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Morris Bridgland (Courtesy Whyte Museum, CAJ 1907)

Morrison P. Bridgland


Born in Toronto, Morrison P. Bridgland was educated at the University of Toronto and became qualified as a Dominion Land Surveyor. In 1902, he came west as an assistant to Arthur Wheeler. Athletic and very powerful, "Bridge" became respected as a tireless worker as he produced detailed and accurate maps over extensive areas of the Rockies particularly in Jasper National Park. He was eventually put in charge of the federal Department of the Interior's Dominion Land Survey crews in Revelstoke, Crowsnest Pass, the Kootenays, Waterton, and Jasper. Using the newest technology of his time, Bridgland was considered a master of the phototopographical surveying process that involved using panoramic photographs and trianglation to make detailed maps of complex mountain landscapes that are accurate to this day. Although based in Calgary, he spent months at a time leding expeditions into the wilderness to collect the photographs necessary to map his assigned areas.

Through his work he became a highly proficient climber and entranced by the wilds of Alberta's foothills and the Canadian Rockies. His climbing while undertaking topographical surveys was accomplished while carrying instruments and equipment weighing about thirty-five pounds. Like Arthur O. Wheeler, he was a founding member of the Alpine Club of Canada within which he was highly regarded both as a mountaineer and instructor, serving as the "chief mountaineer" during the first four years of the club's existence. Arthur Wheeler's son wrote that, "He led party after party up the same climb, to him an easy and uninteresting climb, always safely, always with patience and good temper, and always with the utmost consideration for his party."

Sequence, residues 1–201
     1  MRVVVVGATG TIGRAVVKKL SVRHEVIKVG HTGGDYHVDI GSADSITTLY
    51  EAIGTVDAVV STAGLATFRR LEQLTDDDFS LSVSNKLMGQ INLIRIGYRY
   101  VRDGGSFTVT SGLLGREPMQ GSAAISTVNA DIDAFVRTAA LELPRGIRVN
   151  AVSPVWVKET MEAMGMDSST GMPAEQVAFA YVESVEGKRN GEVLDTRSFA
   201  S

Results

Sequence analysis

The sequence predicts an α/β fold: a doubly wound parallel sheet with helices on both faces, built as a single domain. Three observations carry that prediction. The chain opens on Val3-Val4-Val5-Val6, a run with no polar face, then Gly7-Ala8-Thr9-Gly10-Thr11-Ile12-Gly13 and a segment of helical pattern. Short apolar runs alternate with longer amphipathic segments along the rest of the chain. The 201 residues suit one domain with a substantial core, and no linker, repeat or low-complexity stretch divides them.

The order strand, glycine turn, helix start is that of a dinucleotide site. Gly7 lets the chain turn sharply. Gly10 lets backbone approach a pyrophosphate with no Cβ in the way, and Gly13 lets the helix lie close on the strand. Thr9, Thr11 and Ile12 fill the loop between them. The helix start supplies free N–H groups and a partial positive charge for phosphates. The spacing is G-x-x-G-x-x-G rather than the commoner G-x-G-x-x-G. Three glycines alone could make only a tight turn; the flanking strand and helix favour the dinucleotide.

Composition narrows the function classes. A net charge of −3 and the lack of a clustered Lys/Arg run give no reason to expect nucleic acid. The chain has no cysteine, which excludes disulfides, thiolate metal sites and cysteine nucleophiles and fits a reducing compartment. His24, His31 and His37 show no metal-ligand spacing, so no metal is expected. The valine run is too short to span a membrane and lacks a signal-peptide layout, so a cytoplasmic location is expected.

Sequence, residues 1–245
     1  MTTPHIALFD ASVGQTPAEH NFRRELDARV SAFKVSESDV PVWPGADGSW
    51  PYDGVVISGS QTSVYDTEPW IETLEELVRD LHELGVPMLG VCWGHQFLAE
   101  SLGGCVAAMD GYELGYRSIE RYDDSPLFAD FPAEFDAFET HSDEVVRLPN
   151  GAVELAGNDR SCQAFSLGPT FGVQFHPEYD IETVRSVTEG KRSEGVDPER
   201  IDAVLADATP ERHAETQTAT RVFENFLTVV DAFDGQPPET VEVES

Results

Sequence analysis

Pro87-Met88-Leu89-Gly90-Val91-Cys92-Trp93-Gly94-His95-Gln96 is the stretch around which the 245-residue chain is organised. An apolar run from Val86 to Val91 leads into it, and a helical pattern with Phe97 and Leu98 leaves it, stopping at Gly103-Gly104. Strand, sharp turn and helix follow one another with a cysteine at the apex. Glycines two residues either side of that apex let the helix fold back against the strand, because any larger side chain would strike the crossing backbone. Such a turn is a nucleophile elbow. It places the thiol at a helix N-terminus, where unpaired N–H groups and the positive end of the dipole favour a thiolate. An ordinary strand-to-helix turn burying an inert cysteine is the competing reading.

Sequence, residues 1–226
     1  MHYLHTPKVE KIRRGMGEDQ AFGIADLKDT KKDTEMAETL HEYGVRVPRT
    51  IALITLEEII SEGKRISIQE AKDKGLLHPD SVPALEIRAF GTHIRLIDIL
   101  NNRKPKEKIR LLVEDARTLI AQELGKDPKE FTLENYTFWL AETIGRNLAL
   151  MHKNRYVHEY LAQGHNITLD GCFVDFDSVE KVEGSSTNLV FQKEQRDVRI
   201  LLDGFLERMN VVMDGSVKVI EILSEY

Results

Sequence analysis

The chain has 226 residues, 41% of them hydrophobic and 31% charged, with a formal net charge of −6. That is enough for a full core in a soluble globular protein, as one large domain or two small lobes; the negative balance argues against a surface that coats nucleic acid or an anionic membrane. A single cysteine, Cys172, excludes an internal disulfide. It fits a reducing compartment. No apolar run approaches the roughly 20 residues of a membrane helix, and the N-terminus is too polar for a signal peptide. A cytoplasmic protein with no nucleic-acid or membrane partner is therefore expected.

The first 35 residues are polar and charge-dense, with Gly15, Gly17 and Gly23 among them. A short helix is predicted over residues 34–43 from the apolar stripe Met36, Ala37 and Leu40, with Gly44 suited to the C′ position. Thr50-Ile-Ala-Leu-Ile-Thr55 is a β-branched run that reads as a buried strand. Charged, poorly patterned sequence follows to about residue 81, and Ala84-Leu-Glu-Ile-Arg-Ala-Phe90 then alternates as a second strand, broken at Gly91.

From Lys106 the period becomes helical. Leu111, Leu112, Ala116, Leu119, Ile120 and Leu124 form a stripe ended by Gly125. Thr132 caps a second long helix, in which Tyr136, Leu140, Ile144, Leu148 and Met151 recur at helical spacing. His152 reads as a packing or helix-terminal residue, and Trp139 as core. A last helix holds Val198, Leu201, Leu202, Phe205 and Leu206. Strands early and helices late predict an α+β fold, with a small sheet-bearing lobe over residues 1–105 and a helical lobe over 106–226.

Morris Bridgland's obituary in the Journal of the Alpine Club of Canada suggested that he was deserving of a higher, more prominent mountain than the peak that was named in his honour. Its author, C.B. Sissons wrote that, "The mountain (Mount Bridgland) which none too worthily bears the name of a great alpinist, who, I suppose, has climbed more peaks and pioneered more trails than any other Canadian, is near the Yellowhead Pass."

Please note that there is a Bridgland Peak as well as a Bridgland Glacier and a Bridgland pass about 20 km north of Mount Revelstoke National Park in the Selkirk Range.


In 1915, Morrison Bridgland took 735 photographs from 92 survey stations on mountain peaks and ridges in Jasper National Park in order to make a topographical map. During 1998 and 1999 members of the ?Repeat Photography Project? re-occupied all 92 stations and rephotographed all 735 images. The purpose is to show changes in the cultural and physical landscape of the park over the last century.

The project has now gone beyond Jasper National Park and work is being done based on Bridgland's 300 survey photos of Waterton National Park taken in 1913 and 1914.

Regarding what Morrison Bridgland might have thought about the Repeat Photography Project, his niece, Marmie Hess, who accompanied him on many recreational photography adventures in southern Alberta, is quoted as saying, "I can just imagine him being overjoyed, but just giving a little chuckle knowing that his work is now helping to interpret and preserve the beautiful and important areas that he cared for so much."

To learn more about this wonderful project and view the images visit

"Mapper of Mountains," the biography of Morrison P. Bridgland, was written by I.S. MacLaren in association with Eric Higgs and Gabrielle Zezulka-Mailloux and published in 2005.